Live audio streaming software like iTunes has helped musicians to sell digital copies of their creations to a global audience with a button click. Creating actual music using AI would be the next big thing although it’s not very new. Several artists have over the years designed AI programs to mix and create compositions. Music streaming websites are currently leading the marketing in terms of AI adoption by constantly experimenting with different applications for this futuristic technology.
However, most music streaming services are still in their infancy when it comes to using technology to improve their offerings. Extensive research is being carried out on the area of AI in music streaming to analyze music to gain a deep understanding of the medium. This opens up a boundless prospect for its applications in the area of music streaming and the industry as a whole because AI and bots could be a real future in the music industry.
Live performances are becoming more immersive
Finding the intersection between content and social media and technological advancements in the industry haven’t only influenced the way people consume music but also have impacted live performances and festivals. Artists and music brands have been keen to test their hands in music-related technical innovations.
One major example of technical innovation in live music shows is virtual reality concerts. The advancements of sophisticated VR headsets combined with their wider acceptance have opened new doors for businesses to launch products that bring the immersive experience of concerts to fans. For example, Live nation paired up with NextVR to broadcast music concerts in VR to deliver an immersive music experience to fans.
Ensuring revenue generation for artists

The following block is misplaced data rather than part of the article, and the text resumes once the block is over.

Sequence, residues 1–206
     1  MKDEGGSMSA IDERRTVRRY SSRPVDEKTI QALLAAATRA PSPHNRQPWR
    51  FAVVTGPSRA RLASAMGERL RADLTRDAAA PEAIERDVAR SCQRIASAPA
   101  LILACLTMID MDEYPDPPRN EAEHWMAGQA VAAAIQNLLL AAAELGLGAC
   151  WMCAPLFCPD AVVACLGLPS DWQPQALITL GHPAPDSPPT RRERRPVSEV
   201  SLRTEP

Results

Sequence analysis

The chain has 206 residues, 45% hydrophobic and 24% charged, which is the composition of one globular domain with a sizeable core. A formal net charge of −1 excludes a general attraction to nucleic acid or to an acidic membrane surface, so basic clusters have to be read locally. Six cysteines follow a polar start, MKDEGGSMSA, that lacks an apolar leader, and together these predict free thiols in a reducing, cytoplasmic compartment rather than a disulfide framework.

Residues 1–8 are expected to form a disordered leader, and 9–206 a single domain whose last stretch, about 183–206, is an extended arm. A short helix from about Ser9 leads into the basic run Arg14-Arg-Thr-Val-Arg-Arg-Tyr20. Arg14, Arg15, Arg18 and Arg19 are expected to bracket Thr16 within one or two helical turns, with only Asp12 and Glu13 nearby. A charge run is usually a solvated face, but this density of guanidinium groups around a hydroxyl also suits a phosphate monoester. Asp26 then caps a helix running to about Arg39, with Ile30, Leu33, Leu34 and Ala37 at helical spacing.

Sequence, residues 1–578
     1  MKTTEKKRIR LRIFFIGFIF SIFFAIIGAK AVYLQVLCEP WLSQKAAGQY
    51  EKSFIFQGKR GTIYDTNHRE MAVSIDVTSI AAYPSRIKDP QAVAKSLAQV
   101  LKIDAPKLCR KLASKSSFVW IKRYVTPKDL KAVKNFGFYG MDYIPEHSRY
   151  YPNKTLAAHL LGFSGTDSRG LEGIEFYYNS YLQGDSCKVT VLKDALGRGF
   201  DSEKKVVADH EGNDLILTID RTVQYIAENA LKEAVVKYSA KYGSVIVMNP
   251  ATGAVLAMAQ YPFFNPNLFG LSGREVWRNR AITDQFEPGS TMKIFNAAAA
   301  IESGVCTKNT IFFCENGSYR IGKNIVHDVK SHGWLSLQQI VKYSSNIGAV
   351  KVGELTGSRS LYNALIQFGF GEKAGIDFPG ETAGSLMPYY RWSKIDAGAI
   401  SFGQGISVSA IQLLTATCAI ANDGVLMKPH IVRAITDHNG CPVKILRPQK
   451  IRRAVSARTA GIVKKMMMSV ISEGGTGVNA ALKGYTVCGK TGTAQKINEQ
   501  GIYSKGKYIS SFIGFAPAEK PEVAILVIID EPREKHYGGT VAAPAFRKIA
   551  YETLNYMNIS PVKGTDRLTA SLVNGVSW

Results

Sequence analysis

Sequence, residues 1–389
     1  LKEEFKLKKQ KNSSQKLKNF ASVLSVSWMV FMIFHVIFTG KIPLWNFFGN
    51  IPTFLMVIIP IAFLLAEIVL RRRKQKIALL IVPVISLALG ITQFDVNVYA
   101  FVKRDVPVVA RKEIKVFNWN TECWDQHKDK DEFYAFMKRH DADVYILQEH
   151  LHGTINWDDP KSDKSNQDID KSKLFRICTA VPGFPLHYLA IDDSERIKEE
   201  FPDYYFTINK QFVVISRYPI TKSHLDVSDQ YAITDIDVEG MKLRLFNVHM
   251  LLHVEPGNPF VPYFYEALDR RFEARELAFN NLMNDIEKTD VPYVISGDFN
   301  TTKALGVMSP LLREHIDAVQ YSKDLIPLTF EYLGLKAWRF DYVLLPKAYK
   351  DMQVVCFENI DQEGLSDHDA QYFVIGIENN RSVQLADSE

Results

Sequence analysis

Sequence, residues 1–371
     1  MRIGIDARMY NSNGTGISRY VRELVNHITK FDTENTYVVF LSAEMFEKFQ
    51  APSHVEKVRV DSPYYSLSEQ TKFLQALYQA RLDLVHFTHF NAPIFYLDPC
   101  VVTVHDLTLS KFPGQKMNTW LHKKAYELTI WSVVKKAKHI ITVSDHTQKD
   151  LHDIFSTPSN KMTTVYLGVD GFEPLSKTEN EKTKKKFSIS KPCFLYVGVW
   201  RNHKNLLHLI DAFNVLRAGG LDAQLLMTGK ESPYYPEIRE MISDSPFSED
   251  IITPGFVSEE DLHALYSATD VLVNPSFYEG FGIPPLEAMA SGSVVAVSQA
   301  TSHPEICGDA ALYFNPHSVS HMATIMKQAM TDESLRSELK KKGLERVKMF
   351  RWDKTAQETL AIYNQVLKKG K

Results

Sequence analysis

Music streaming websites are designed to ensure fair revenue generation for music artists and creators. Most musicians invest a lot of money into developing their skills but they are very rarely recompensed.
Most music streaming services and social media platforms pay creators based on the total share of each streaming view they get. However, creators advocate for a fairer and more user-centric business model that pays them based on the number of users. As small music streaming services like Deezer are shifting towards a user-centric model, other established music streaming platforms are pressurized to move in the same path as well.
Social media has broken down walls between music artists and fans
Boosting social media engagement completely changed the way people connect with one another and how companies use social media strategies in marketing. Possibly the biggest shift within the music industry has come through social media facilitating an increased level of interaction between music artists and their followers. Now, musicians are able to present their music to a broad range of fans through Facebook, Instagram, Twitter, and other social networks.
The above image is an example of positive interactions between music artists and fans.
Social media’s role in music is also incredibly significant in bringing merchandise into the hands of music lovers. Before the Internet, the only way for musicians to sell their albums or other merchandise was in the form of personal interactions at music stores or shows. With the rising popularity of social media, musicians now have access to a broad range of tools to sell and distribute various merchandise opening up a new revenue stream as well.
The future of music streaming
Music streaming has changed the industry in the way google changed the web. Over the next decade, the music streaming industry will continue to transform with new technological advancements bringing in significant opportunities and challenges for both streaming services and consumers alike. The accessibility of music on the go will become even easier and more engaging. Smart speakers and connected devices will allow consumer engagement beyond the screen and modern technology will allow further social functionalities within the streaming platforms like Spotify or Apple Music. Technology will continue to bring more music to people with convenience at the forefront.